I would not file a bankruptcy for just $2,000 worth of debt. They can not take your social security, and it does not sound like you have any other assets that are able to be taken.
This does not mean that you will not have to file in the future, but it does not sound like you should file today.
Since you filed your own bankruptcy you most likely failed to list and protect an asset that the Trustee is now in the process of taking.
You need to meet with an attorney to see exactly what they are taking. If it is just your tax refund you should have been able to list and protect that, at least you can in Michigan.
Just because you received a settlement does not mean you can no longer file bankruptcy. The bigger question is how much of the settlement can you keep and still file bankruptcy. Since you live in FL, FL law will control. Your best bet is to get in to see a bankruptcy attorney ASAP, before you spend or move any of the settlement around.
First I am assuming that Capital One is suing you, not your Corporation. So if you file bankruptcy, the corporation is listed as an asset of your bankruptcy. You then have an amount of assets you get to keep. You keep these assets by applying the proper bankruptcy exemptions to those assets. If you are able to exempt the entire value of your corporation, you will get to keep the corporation. If you cannot exempt the entire value, your trustee may liquate the asset to pay off your debts.
The underlying debt (The note) has been discharged, but the creditor still has a lien on the collateral (The Mortgage.) Since you are in default, then they can foreclose, but they can never claim that you owe them any money. That would be a violation of the bankruptcy discharge, for which you could file suit against them!
Keep in mind that the property is still in your name until they do foreclose, you should keep insurance on the home and keep the lawn cut to not get lawn cutting fees for...
The best way to reestablish your credit is to start using credit again. My Chapter 7 clients tell me that they get multiple credit card offers within months of their bankruptcy ending. The credit card companies know you cannot file a Chapter 7 again for 8 years, you are a good risk to them now.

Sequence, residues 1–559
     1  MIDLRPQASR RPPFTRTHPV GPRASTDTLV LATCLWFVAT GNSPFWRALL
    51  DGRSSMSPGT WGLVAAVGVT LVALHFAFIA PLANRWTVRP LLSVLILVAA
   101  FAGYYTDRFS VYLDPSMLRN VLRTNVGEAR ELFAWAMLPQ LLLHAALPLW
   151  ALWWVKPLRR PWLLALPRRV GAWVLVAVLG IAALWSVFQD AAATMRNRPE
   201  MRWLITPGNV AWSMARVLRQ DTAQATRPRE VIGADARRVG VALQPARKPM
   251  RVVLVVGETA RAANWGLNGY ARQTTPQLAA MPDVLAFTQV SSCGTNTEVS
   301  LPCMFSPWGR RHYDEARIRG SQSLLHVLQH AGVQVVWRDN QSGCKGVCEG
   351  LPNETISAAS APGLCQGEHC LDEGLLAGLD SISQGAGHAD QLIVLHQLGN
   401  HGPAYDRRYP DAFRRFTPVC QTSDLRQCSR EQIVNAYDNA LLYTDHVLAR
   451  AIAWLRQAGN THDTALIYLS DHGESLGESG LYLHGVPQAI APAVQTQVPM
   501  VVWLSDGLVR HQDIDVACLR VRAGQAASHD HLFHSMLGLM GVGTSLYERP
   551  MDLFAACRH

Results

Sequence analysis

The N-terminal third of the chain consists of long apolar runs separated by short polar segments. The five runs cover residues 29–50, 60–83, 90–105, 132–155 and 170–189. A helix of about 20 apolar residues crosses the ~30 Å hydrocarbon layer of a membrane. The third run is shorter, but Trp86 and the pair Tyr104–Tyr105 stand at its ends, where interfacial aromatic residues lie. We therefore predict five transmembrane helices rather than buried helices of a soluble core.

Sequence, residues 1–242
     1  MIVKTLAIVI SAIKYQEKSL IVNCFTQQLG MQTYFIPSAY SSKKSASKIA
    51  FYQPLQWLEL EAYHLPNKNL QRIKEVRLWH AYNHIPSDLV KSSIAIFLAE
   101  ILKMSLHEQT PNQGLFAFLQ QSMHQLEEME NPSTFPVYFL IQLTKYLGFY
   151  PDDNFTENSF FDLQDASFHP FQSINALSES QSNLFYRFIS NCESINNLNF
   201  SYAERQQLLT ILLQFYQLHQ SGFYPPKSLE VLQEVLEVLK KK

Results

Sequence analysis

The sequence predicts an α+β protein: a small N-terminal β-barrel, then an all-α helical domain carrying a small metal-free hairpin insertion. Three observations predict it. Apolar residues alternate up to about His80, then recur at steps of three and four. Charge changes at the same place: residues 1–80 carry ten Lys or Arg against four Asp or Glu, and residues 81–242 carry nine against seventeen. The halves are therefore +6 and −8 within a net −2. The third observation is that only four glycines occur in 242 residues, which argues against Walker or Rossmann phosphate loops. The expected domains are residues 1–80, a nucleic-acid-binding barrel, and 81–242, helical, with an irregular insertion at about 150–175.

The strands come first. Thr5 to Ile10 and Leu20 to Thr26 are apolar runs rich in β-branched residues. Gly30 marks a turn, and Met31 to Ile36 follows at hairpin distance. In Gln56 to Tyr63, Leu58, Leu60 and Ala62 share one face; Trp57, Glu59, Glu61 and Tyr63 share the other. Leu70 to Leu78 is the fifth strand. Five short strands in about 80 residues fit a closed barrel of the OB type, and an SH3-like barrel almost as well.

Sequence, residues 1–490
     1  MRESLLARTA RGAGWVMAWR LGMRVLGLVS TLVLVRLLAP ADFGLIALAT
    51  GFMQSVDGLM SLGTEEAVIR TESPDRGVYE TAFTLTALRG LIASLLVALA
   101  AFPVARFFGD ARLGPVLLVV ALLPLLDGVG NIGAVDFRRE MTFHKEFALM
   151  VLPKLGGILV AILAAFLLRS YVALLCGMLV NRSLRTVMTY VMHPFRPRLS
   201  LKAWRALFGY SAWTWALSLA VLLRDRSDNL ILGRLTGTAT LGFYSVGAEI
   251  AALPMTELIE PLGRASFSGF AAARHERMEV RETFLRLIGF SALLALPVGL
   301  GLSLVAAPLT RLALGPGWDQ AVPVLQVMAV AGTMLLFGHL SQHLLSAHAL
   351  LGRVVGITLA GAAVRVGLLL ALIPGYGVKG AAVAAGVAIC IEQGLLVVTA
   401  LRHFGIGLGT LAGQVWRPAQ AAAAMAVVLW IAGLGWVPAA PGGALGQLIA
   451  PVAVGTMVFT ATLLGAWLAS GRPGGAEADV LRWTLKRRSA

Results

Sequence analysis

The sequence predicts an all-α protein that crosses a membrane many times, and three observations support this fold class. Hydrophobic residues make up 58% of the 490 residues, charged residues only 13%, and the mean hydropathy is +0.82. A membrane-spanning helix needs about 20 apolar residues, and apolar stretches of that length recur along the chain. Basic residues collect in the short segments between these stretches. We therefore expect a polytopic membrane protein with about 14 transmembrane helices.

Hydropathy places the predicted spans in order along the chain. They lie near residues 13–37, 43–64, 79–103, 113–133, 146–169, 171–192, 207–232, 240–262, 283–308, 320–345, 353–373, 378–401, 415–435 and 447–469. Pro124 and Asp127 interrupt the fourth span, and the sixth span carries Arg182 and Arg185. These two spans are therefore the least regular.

Do determine what chapter is best for you we need more facts. How much money do and your household make per year? What kind of debts do you have? What are the balances of those debts? What sort of assets do you have?
Once you gather all of that information, make an appointment with a bankruptcy attorney and they will be able to let you know what chapter is best for you.
I you are in a Chapter 13 Bankruptcy and your Chapter 13 plan is curing your arrears, you are current on your current payments and current on your Chapter 13 plan payments, the stay should never be lifted. Mortgage companies only file motions to lift the automatic stay when you are behind on your payments.
If you were to get a Motion to lift, you should immediately call your bankruptcy attorney.
Not seeing what you entered into this is just a guess, but my assumption is you entered into a consent judgment that contained the repayment terms. If this is the case, this is still a judgment, and can still be on your credit report.
If you have a judgment against you, that was covered in your “Property Settlement” of your judgment of Divorce, this “Property Settlement” obligation is only dischargeable in a Chapter 13 Bankruptcy. If you change to a Chapter 7 bankruptcy, the obligation as to the “Property Settlement is not discharged. You should probably find a way to stay in your chapter 13 if his is what your question was referring too.